“Once a young pilot interviews with us, that’s the last airline interview they’ll ever have to do,” Reibach said.
American’s regional carriers -- Envoy, Piedmont and PSA airlines -- this month increased their signing bonus to $15,000. Delta’s Endeavor pays a signing bonus of as much as $23,000 a year. It has the highest first-year salary at $47,000, according to a database maintained by Darby. First-year pay at commuter carriers averages $35,227.
A first officer, or co-pilot, on the smallest aircraft at large airlines earns an average $55,054 his first year, according to Darby. That can increase to more than $120,000 in his fifth year, flying the largest plane. A captain at top seniority flying the biggest planes averages $208,828.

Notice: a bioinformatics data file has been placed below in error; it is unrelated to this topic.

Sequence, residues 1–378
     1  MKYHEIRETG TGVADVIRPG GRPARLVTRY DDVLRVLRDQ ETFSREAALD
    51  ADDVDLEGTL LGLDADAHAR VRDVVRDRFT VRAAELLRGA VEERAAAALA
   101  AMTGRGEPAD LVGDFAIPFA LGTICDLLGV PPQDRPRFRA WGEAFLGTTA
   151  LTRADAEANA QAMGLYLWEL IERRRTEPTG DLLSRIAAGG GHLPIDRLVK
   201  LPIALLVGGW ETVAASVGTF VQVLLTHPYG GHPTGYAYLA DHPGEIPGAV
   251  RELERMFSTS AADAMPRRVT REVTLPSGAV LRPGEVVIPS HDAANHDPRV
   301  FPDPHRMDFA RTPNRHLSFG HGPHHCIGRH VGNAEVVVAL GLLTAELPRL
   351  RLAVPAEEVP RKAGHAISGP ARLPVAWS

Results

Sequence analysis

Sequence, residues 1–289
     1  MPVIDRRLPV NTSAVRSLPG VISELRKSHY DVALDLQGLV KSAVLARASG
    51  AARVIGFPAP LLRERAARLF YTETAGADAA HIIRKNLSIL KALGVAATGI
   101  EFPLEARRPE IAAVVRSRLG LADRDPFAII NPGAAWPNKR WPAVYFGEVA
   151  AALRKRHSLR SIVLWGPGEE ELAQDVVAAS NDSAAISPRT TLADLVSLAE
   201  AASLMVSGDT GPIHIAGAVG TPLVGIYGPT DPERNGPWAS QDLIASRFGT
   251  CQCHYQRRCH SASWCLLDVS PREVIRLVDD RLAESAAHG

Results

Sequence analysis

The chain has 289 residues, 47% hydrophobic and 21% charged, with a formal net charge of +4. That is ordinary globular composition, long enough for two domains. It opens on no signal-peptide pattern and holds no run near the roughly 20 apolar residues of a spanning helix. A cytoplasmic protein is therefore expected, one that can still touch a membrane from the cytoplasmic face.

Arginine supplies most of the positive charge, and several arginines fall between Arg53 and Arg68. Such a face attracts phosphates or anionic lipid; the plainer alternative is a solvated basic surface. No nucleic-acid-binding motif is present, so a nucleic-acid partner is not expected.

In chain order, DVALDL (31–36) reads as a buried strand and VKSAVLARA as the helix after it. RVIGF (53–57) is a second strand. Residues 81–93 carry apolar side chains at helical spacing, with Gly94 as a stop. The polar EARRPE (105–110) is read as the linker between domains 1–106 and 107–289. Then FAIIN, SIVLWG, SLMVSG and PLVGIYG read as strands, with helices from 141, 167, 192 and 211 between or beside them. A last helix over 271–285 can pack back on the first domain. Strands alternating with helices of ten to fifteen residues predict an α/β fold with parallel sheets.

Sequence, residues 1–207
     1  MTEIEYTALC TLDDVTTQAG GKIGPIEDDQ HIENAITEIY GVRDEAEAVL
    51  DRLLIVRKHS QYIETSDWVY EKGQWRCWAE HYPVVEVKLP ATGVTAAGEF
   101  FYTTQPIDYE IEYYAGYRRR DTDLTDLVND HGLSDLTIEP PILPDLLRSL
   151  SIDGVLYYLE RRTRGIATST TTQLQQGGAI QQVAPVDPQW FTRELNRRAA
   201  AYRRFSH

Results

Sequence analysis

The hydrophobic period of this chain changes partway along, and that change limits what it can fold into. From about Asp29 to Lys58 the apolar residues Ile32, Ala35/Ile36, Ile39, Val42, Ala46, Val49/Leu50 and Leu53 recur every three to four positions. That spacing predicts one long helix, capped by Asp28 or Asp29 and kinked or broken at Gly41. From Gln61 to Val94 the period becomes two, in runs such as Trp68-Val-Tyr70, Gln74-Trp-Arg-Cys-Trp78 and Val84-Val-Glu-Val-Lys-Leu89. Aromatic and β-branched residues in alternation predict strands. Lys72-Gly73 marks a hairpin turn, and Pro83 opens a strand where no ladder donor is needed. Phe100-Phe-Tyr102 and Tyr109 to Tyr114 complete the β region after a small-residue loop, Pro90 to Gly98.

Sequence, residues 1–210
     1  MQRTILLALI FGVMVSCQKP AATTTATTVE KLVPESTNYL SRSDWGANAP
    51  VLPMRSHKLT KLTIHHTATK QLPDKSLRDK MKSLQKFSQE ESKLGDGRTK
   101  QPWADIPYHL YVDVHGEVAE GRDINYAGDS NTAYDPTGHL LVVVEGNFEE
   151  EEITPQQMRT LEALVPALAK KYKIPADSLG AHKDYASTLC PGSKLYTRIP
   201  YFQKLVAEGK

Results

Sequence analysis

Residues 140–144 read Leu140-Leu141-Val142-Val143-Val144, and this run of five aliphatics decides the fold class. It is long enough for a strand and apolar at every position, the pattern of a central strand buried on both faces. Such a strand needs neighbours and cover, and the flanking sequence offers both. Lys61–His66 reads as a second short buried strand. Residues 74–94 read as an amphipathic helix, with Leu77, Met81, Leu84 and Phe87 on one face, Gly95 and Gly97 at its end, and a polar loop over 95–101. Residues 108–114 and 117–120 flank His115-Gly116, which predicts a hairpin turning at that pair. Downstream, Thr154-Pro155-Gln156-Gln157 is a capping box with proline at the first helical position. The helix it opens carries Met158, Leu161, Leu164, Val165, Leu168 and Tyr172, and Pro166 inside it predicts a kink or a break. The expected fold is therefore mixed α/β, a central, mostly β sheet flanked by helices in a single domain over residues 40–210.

In March, JetBlue Airways Corp. initiated Gateway Select, where recruits with no flying experience undergo a series of screenings before being placed into a “rigorous” four-year study program to become pilots. The model, designed to recruit from a broader range of candidates and reduce training costs, is similar to those used in Europe and Asia.
At United Continental Holdings Inc., a new career path program designed “to counter the potential shortage of qualified pilots,” involves two regional carriers and a flight-training school, according to a memo from the airline. Similar to a flow-through program, the plan provides a chance to move to the larger carrier. The airline will hire 650 pilots this year and as many as 900 in 2017.
“The competition for the best and brightest pilots is heating up,” United said in May.